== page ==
Logan is Wolverine’s epic, the film we’ve always wanted and one of the finest superhero films ever made.
The year is 2029 and mutants are becoming rarer by the day. Logan (Hugh Jackman) himself is increasingly becoming more haggard and weary. His healing ability drastically slowing down due to adamantium poisoning ravaging his body. Instead of saving the world he now works as a chauffeur, and when he isn’t doing that he looks after a frail elderly Charles Xavier (Patrick Stewart) with the help of Caliban (Stephen Merchant). Hiding from the world in Mexico Logan seeks a quiet existence, hoping to scrape enough money together to get them out of the smelting plant they’ve taken refuge in. Disrupting these plans are panicked Transigen nurse Gabriella and a young girl called Laura. Gabriella offers Logan a significant amount of money if he can escort them to North Dakota, but despite initially being reluctant Logan agrees. However plans are put into tailspin as Gabriella is murdered, and Transigen are out to find the girl, who it turns out is a subject called X-23. At the behest of Charles, Logan takes Laura under their wing and sets out on a mission to get her to a place known as Eden, whilst staying out of the reach of Pierce (Boyd Holbrook) and his personnel.
There can be no more fitting an epitaph for Hugh Jackman’s time playing the adamantium clawed mutant than in James Mangold’s Logan. Driven by fantastic performances in a story oozing with emotion, Logan follows fellow comic book adaptations like The Dark Knight and Watchmen by transcending the boundaries of conventional superhero films. This is not just a film about superhuman powers, it’s a true to form western that follows the lone hero take on bullying imposing forces, and it’s also a film about family, friendship, and age. As a result Logan truly is Wolverine’s epic, cementing itself as one of the finest superhero films out there.
However the story and the journey do not warrant this praise alone. Finally after so many films Wolverine is finally unleashed in all his feral, limb collecting glory, with brutally effective action set pieces that have you wincing on the edge of your seat. Amplifying the tension is how worn Wolverine becomes during the action, as he gruellingly pushes himself on as his body gradually fails him. The story, thanks largely to the material also allows Hugh Jackman one of his finest hours with a superb performance of Logan which we’ll likely see emulated, but never bettered. This also shines through in the rest of the cast, Stewart’s senile Xavier is saddening, and Dafne Keen’s X-23 is a riveting ball of rage that would have stolen the show were it not for Jackman.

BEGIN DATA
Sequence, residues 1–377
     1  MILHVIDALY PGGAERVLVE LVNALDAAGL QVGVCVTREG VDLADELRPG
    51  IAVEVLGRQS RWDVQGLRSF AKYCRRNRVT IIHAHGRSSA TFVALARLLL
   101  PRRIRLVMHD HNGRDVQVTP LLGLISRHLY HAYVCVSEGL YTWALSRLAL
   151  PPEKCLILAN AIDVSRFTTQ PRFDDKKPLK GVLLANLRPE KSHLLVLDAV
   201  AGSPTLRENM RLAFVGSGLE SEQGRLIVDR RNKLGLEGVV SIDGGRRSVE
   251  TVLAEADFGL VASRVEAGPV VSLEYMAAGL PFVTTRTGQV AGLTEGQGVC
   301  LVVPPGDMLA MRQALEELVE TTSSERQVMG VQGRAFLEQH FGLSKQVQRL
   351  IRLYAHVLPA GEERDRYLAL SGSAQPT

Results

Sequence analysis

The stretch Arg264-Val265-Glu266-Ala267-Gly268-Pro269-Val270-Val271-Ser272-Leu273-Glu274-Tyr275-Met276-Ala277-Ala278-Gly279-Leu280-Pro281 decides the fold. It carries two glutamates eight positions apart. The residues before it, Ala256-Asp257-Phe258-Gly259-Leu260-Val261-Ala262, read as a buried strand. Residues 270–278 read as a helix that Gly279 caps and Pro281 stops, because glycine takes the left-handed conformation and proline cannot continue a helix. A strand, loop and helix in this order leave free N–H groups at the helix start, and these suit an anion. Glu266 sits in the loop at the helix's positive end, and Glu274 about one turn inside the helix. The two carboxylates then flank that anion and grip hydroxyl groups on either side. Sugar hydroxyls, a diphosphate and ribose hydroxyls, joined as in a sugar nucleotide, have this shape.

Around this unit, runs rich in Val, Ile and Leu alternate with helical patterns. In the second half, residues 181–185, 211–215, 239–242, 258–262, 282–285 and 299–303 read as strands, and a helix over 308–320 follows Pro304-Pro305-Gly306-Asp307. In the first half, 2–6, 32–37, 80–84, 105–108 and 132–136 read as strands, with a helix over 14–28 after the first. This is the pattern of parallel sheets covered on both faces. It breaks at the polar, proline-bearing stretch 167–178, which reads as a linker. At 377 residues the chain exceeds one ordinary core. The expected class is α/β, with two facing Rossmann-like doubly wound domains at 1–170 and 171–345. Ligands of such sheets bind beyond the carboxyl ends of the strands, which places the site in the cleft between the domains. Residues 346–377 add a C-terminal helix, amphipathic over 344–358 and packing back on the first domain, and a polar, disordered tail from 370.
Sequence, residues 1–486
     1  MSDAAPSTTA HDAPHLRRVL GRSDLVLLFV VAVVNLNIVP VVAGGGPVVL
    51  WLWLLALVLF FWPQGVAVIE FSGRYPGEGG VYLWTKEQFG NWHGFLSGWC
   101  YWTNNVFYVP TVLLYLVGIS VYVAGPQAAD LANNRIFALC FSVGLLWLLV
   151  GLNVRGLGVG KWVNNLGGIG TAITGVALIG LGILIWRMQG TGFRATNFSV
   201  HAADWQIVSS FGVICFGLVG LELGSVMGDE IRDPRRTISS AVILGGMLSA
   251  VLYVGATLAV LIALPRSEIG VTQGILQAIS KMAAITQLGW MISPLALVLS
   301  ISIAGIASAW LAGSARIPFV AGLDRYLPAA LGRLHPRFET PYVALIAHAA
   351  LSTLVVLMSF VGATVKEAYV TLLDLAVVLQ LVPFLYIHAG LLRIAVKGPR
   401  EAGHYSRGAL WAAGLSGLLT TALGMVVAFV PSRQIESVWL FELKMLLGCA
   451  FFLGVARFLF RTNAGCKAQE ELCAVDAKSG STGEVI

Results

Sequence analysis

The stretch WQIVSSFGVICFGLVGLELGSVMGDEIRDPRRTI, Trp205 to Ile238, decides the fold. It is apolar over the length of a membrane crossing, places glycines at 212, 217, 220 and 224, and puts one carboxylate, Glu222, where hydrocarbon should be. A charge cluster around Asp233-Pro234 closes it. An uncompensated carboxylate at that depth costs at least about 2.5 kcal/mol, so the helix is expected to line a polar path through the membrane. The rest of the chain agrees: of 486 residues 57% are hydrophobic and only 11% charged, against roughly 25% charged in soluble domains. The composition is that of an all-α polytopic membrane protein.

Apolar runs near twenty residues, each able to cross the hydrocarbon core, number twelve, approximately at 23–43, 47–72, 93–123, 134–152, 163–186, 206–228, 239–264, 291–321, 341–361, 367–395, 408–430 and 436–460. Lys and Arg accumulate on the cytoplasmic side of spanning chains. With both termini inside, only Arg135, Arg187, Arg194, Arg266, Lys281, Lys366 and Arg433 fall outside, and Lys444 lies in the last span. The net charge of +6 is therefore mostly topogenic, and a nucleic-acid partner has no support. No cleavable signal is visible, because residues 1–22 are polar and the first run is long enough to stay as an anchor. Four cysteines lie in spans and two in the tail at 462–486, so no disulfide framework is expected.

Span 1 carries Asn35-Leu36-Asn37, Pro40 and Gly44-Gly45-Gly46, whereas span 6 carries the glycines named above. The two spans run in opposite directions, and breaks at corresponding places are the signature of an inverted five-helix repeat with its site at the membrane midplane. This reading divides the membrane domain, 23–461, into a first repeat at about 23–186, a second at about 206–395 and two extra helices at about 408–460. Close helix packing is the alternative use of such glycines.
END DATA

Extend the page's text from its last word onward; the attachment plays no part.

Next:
One thing preventing Logan from being an all out masterpiece is part of the middle act which felt unnatural to the flow of the film. With Logan, Charles, and Laura on the run they stop to help a farming family with their loose horses after a near miss road accident. They are subsequently invited to their home, which Charles encourages Logan to take them up on. It leads to some touching moments, demonstrating a few shades of the film Shane (1953) that also echo throughout the rest of the film; not subtly as Charles happens to watch the film on TV earlier. But it also inevitably allows the pursuing villains to catch up with them. A more obvious construct than what preceded and followed it, forcing our heroes into action. This however is a minor wrinkle. Despite being an obvious setup for the third and final act it still provides adamantium infused action that gets downright deadly, and follows with some heartfelt emotion.
Overall it’s a deserved tribute to a character and an actor who’ve propped up a franchise for the past 17 years. It is a long film, and the pacing unlike other crash, bang, wallop superhero flicks out there, but it is never boring. James Mangold and Hugh Jackman together have created not just a great genre film, they’ve created a visually beautiful film full of drama, suspense, and visceral hack and slash action. Logan is everything a superhero fan, and a film fan, could ask for.